"The first couple of laps on the track are challenging and kind of eye-opening of just how fast it is and how deep in the corners you drive and how fast you've got to drive through the tunnel turn. That tunnel turn, to me, has always been one of the most hair-raising experiences, if you want to call it, on the circuit. I mean it just takes full commitment and when you hit it right, it's a beautiful thing. When you don't hit it right, it gets your attention. So to me, the first few laps will sort of be that building up, and then once you get through the first two or three laps, it's business as usual. And that happens almost every weekend at every track we go to. But Pocono is a very unique track and you can go out there thinking you're pushing hard and be a second off the pace. So it's a track where a lot of speed can be lost or gained based on how hard you push it, and finding the edge and the limits is a little bit tougher on such a big race track with three very unique corners.
"So, I'm looking forward to getting there and seeing what the grip level is with the Gen-6 car. I think it's going to be very good. Anytime you go faster and you have a car that has more grip and downforce, like we have now with this car, you start to find what things you're going to be battling with fairly quickly; whether it be balance of the car, brakes, rpms on the engine, and all those types of things that will start to come into play that we can sort of anticipate, but not fully. That's why I look forward to downloading with Stewart-Haas on their test."
WHAT DID YOU THINK ABOUT THE CARS BEING ALLOWED TO BE WORKED ON DURING THE RED FLAG AT CHARLOTTE? HOW DOES IT COMPARE TO YOUR SITUATION IN MARTINSVILLE? DOES THERE NEED TO BE A SET POLICY ON THAT?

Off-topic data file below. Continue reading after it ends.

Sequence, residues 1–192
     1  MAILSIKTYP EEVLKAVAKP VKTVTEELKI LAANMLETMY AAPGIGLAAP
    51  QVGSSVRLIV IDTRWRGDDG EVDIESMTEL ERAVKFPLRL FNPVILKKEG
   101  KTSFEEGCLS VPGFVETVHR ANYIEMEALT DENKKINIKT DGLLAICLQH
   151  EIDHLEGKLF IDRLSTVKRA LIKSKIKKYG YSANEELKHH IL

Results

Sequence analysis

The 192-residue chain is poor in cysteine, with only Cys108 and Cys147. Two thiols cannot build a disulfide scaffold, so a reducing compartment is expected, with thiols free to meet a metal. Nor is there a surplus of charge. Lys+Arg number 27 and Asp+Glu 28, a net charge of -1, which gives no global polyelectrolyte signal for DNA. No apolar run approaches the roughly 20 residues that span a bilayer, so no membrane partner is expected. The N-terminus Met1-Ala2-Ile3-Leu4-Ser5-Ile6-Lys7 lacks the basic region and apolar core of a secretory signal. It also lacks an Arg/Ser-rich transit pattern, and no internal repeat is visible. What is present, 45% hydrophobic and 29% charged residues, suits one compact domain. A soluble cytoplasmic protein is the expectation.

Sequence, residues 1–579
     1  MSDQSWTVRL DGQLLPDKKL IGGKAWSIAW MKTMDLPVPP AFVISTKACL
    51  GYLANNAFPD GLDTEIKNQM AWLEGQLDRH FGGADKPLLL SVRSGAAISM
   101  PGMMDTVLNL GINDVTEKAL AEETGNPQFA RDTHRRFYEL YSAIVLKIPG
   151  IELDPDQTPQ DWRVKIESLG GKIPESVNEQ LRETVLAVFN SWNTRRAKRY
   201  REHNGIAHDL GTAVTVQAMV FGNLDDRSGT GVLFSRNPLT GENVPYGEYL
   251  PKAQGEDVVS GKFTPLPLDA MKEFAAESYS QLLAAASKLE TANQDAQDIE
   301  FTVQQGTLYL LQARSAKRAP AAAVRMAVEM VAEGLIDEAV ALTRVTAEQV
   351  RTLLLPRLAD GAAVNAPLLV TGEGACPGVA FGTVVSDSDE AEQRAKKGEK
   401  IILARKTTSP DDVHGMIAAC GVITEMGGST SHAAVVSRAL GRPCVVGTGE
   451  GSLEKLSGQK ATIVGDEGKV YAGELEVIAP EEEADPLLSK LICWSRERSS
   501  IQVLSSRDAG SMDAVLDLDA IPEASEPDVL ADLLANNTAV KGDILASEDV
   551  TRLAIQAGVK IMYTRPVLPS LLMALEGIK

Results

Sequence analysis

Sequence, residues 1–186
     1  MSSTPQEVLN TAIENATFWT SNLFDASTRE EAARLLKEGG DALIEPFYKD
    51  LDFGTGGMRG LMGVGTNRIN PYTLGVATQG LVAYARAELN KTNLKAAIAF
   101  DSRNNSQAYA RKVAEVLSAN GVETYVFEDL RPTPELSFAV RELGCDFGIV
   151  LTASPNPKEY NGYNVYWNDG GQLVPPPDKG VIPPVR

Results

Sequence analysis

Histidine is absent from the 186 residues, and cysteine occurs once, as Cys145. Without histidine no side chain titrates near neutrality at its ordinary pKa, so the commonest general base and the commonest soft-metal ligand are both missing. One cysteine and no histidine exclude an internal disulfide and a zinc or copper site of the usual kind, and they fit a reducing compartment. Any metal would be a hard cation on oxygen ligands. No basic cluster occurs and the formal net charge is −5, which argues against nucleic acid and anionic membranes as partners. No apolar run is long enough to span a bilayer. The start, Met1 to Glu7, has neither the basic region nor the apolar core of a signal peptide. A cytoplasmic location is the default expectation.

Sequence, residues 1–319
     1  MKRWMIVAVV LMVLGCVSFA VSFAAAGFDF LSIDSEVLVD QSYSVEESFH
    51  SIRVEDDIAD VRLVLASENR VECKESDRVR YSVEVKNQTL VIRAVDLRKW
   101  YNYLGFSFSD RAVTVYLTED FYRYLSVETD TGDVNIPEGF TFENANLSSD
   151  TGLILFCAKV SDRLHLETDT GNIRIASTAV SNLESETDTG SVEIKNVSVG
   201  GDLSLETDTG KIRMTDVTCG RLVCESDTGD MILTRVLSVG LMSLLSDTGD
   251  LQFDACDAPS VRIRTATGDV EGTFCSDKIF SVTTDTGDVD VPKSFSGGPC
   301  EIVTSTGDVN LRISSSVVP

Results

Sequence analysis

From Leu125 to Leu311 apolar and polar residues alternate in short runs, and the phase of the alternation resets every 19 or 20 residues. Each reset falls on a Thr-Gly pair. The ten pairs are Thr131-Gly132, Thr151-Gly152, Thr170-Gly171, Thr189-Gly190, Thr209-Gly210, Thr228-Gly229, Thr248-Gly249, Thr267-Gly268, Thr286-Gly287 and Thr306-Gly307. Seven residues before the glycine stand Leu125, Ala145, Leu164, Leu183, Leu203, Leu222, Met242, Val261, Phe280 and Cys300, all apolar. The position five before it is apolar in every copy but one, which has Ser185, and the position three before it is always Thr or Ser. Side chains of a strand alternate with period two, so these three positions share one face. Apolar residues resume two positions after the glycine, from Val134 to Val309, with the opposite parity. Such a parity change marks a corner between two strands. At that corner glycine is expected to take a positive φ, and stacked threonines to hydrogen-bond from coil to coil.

"Well, I think they just set the new precedent in my opinion; which I think is the correct thing to do. I think when something like that happens, like what happened last week, and the same thing at Martinsville like that where the track came apart, I think that they should throw a red flag and fix the problem and then allow the teams to make repairs. Unfortunately that didn't happen back in the day when we had that issue at Martinsville, but I agree with that. Those are things outside your control as a driver and as a team. It's not fair to those competitors that could have really ended their race or really taken them out of competition. And I was pretty proud of the way that they handled it. But, nothing is going to take back what happened at Martinsville. I think even if they gave us 15 minutes to fix something, I'm not so sure we could have fixed it back then. That was a big chunk of concrete. There was more damage than just body damage. But we would have liked to have at least tried."
DO YOU UNDERSTAND WHY THERE AREN'T JUST SAFER BARRIERS EVERYWHERE NOW?
"No. Cost. There's only one reason. Cost. That's it."